The aim of the Routledge International Handbook Series is to provide scholars and advanced students with comprehensive and authoritative, state-of-the-art reviews of current research in a particular area. The aim of the International Handbook of Sociology and Christianity is to set the research agenda for the next five to seven years, to redefine existing areas within the context of international multi-disciplinary research, to highlight emerging areas, and to provide upper undergraduate and graduate students with ideas and encouragement for future research activity.
Unit 1: History
Comparative-historical Sociology, Christian influences, Rationality and Society, International Differences, Modernity/Post-modernity, etc.
Unit 2: Intersection and Integration
Models, Tensions, Agreements, Science and Methods of Knowing, Critical Realism,Christian Critiques of Sociology, The Sociology of Knowledge, etc.
Unit 3: Theory
Structural-functionalism, Conflict Theory, Marxist Sociology, Critical Theory, Feminist Sociology, Symbolic Interactionism, Ethnomethodology, Rational Choice, Sociobiology, Agency-Structure Integration, etc.
Unit 4: Self and Society
Culture, Socialization, Social Psychology, Sociology of the Body (embodiment), Sociology of Emotions, Groups and Organizations, Altruism/Morality/Social Solidarity, Deviance and Crime, Children and Youth, Aging and the Life Course, Consumerism, Human Rights, etc.
Unit 5: Social Inequalities
Social Class, Gender, Race and Ethnicity, Age, Disabilities, Sexual Orientation, Intersectionality, etc.
Unit 6: Social Institutions
Economy, Polity, Family, Religion, Education, Media, Law, Medicine, Sport, Science and Technology, The Arts, The Military, etc.
Unit 7: Social Change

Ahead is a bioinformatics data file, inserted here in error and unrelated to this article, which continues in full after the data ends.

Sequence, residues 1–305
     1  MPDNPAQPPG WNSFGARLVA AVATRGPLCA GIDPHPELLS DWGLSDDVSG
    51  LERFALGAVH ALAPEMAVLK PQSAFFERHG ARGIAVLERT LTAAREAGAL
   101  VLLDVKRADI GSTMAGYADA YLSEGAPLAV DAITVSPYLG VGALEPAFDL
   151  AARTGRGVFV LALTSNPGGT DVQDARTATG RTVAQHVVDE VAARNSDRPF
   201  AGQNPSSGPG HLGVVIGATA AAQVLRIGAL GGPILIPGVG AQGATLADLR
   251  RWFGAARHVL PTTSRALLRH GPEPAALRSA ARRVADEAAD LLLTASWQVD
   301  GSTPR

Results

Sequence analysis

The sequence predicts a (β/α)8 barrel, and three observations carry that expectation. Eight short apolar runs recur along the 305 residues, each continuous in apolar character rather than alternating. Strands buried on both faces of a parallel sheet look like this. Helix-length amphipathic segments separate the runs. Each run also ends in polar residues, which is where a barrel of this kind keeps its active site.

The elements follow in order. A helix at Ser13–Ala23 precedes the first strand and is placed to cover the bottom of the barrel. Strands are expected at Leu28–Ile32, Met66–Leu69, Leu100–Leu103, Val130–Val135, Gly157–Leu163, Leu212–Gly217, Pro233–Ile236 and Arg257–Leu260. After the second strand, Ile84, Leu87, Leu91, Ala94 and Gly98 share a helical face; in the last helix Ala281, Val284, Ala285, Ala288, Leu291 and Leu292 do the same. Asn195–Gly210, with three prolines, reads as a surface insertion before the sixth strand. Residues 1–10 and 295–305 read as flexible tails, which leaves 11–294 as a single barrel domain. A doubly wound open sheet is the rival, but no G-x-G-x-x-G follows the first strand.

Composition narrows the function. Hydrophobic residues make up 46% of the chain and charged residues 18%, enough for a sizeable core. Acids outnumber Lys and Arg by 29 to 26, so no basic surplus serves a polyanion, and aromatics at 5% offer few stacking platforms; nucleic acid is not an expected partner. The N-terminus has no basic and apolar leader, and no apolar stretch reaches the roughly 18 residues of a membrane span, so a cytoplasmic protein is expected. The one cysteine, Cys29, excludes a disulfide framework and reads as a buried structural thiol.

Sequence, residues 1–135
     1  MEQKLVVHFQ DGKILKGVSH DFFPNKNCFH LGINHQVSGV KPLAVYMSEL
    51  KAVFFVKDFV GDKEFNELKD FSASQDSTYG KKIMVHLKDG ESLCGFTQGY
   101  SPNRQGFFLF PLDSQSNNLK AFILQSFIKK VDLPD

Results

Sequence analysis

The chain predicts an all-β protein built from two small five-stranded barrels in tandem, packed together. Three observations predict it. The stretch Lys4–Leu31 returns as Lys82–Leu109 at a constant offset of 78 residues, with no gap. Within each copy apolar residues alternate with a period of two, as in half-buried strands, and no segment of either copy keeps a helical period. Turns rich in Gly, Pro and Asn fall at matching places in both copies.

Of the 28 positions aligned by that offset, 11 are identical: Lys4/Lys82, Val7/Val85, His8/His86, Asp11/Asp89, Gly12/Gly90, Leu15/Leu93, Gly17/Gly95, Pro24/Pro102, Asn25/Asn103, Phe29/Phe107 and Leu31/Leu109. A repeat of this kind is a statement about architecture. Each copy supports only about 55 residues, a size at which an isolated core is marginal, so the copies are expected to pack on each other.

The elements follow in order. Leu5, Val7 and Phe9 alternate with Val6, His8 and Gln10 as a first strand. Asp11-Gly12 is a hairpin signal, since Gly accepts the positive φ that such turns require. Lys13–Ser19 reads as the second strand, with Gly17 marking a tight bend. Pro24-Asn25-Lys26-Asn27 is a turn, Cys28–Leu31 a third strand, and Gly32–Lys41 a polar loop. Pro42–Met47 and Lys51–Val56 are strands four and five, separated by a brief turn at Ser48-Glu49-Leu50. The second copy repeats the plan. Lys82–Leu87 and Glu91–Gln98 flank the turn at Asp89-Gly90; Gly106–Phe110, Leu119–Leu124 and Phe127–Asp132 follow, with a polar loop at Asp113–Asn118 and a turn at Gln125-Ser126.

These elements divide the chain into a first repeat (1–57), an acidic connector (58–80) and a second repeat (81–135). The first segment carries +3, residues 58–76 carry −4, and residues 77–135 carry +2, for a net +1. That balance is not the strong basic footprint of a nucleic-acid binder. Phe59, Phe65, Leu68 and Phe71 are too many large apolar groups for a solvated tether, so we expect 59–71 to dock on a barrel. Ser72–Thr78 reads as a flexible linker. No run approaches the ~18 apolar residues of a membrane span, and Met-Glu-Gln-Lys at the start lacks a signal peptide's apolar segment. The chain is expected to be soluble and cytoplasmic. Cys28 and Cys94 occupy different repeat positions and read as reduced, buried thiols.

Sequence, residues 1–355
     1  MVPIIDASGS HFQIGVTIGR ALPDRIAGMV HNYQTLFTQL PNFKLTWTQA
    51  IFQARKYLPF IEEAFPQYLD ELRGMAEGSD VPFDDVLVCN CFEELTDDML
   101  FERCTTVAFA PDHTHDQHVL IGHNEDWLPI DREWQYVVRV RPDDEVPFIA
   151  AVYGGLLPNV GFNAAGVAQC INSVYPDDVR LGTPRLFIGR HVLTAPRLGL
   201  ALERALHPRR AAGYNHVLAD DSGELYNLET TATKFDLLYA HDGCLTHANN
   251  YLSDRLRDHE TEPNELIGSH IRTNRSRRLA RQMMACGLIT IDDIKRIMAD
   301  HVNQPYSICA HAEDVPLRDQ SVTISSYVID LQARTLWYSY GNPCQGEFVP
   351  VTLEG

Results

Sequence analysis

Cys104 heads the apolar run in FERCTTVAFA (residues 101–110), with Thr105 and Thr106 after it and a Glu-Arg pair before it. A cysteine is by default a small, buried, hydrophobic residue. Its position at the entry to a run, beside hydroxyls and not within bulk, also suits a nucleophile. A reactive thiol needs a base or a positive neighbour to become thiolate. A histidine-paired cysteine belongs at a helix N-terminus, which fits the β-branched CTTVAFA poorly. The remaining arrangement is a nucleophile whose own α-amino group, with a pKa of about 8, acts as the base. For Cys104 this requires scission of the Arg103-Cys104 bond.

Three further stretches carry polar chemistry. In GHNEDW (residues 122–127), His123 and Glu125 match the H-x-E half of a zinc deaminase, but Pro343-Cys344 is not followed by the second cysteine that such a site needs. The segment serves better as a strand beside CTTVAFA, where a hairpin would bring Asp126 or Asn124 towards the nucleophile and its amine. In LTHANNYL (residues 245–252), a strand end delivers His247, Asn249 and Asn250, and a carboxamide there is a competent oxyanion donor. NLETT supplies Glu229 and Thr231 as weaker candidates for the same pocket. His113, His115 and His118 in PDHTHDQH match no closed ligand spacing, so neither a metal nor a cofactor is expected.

Population, Community and Urbanization, Collective Action, Social Movements, Peace/War, Migration, Globalization, etc.
Unit 8: Applied Sociology
Social Problems, Global Problems, Social Justice, Social Policy, Environment, Alienation, Anomie, Prejudice and Discrimination, etc.
Unit 9: Future Directions and Challenges
The status and role of sociology in academia, Christian interest in and openness to sociology, Examples of collaboration, Post-secularity, etc.
Guidelines for Contributors
- Consider and outline the historical and intellectual development of your topic.
- Discuss the major claims and developments of your topic, outlining the work of key contributors.
- Discuss the principal contributions made within your topic.
- Outline the main criticisms.
- Consider why this topic is important, and what future developments one might anticipate.
- Footnotes should be avoided, and references follow the Harvard bibliographical system.
- Chapters can vary from 3,000-6,000 words in length, including a maximum of 100 references.
December 31, 2020 – For proposals
March 31, 2021 – For Chapter Titles and Abstracts
December 31, 2021 – For full Chapter manuscripts
Send to: dennis.hiebert(at)prov(dot)ca
Send Inquiries to:
Dennis Hiebert, Editor (dennis.hiebert(at)prov(dot)ca)
Professor of Sociology
Providence University College